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Developing Internal Criteria for Green Products
OTHER PARTS OF THIS ARTICLEPt. 1: Green Building Products: Avoid the HypePt. 2: The Signs of GreenwashPt. 3: Green Certification Labels Combat GreenwashPt. 4: This PagePt. 5: Planning Green: LEED Strategies for Existing BuildingsPt. 6: Pharos Project Readies New Environmental Assesment Tool
Analyzing green certifications to decide which are credible may seem like a lot of work. There is a learning curve for facility executives who are looking into green certifications for the first time, but in a short time the programs can become time-savers.
Experts suggest establishing your own performance criteria for products first, then deciding which environmental criteria are important and then using the third-party green certification as the way to verify those environmental criteria.
“The green certifications are where you start in qualifying environmental criteria,” says Rengers. Facility executives would be smart to document this qualification and selection process, and use it as the basis for an organization’s own product standards or specifications. That way, an organization’s selection process is simplified and always judged against the same list of environmental and performance criteria it has deemed important.
For example, Kaiser Permanente’s most important consideration in writing its building product standards is how the products will affect human health and safety. This means, among other things, finding out how much embodied energy a product uses in the manufacturing process. That’s because Kaiser Permanente considers global warming a public health issue, Cooper says, and the more energy needed to manufacture a product, the more that product contributes to global warming. As another example, if a product ends up in a landfill at the end of its life, Cooper says that has public health implications also, if the product is burned in the landfill.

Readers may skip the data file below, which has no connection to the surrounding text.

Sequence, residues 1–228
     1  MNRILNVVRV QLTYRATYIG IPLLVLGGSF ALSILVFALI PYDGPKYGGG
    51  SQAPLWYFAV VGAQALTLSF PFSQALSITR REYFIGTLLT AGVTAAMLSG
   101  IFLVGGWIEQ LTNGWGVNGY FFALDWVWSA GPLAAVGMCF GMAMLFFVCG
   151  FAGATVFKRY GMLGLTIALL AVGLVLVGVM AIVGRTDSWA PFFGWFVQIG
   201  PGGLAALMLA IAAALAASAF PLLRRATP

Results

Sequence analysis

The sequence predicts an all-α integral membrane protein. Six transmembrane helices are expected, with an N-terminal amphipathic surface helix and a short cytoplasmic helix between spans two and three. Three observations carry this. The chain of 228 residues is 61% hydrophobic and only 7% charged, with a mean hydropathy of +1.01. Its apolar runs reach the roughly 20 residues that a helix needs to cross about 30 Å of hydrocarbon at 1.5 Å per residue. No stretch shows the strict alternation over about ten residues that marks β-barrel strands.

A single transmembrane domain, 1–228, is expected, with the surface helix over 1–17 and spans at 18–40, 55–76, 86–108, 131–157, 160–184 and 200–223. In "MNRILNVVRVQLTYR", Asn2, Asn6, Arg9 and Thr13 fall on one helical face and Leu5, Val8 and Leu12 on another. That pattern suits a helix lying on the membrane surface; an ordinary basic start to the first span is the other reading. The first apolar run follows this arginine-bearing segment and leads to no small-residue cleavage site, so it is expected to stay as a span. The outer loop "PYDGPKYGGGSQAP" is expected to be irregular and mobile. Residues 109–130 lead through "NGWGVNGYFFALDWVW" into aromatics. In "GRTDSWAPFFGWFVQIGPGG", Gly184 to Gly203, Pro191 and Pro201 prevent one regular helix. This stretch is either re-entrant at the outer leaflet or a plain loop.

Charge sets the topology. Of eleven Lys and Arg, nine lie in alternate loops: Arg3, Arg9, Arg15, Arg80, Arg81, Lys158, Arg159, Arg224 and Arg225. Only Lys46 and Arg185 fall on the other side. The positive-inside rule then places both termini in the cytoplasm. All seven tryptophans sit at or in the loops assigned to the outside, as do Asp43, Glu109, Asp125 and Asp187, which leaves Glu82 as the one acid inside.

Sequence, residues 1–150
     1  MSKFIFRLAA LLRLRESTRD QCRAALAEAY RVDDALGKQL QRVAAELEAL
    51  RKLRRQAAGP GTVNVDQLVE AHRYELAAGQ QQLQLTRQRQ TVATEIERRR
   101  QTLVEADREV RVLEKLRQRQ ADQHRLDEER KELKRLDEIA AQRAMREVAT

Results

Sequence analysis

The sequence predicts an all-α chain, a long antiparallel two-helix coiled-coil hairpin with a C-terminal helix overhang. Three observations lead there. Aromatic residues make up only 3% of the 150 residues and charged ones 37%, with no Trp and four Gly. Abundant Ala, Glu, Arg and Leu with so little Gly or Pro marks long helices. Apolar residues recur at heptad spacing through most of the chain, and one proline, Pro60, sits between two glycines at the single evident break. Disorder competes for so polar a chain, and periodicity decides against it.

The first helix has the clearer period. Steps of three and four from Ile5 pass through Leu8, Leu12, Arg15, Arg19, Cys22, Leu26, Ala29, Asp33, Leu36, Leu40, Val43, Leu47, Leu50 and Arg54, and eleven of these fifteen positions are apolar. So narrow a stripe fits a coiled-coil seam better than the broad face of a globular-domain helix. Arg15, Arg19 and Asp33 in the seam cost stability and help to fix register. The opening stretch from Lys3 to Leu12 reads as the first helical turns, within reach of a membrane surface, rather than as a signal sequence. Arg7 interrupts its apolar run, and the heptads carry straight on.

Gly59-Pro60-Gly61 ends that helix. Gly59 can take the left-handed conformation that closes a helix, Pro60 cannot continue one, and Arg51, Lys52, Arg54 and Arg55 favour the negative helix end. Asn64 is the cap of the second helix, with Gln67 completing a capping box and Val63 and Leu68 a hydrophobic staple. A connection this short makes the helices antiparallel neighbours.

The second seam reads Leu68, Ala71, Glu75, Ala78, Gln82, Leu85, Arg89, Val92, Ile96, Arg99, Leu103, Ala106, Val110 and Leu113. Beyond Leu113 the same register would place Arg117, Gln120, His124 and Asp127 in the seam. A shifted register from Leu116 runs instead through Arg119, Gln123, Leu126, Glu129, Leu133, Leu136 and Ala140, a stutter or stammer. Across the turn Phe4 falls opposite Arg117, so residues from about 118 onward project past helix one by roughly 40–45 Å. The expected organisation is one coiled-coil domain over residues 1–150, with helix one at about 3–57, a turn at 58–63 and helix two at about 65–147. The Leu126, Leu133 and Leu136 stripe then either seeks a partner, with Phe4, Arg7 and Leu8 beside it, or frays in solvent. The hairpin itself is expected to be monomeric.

The process Cooper is describing has a name: environmental life-cycle analysis. It means considering all stages and environmental impacts of a product from the earliest stages of raw material extraction to what happens to it at the end of its life. In truth, not many facility executives are familiar with this process, but most experts see it as the next stage of qualifying the environmental attributes of products.
“The whole industry in general is behind on environmental life-cycle assessments,” says Fuller. “When you mention things like embodied energy, eyes glaze over.”
Tools like Pharos (see “Pharos Project Readies New Environmental Assesment Tool”) under development by the Healthy Building Network, and eLCie, developed by the International Design Center for the Environment, can help facility executives complete their own environmental life-cycle assessments on products. And many manufacturers will provide facility executives with Material Safety Data Sheets to describe the makeup of all raw materials, data on energy, accurate percentage of recycled content, or any other environmental criteria facility executives may consider important.
So while some manufacturers are simply changing their marketing and not their products, many manufacturers are making genuine efforts to give facility executives better environmental choices. Facility executives who may have been fooled by greenwash in the past shouldn’t be so jaded that they dismiss out of hand all manufacturers that claim to make green products. Deciphering what’s green and what’s not certainly requires a bit more diligence than it did in the past. Fortunately, there have never been more resources to help.
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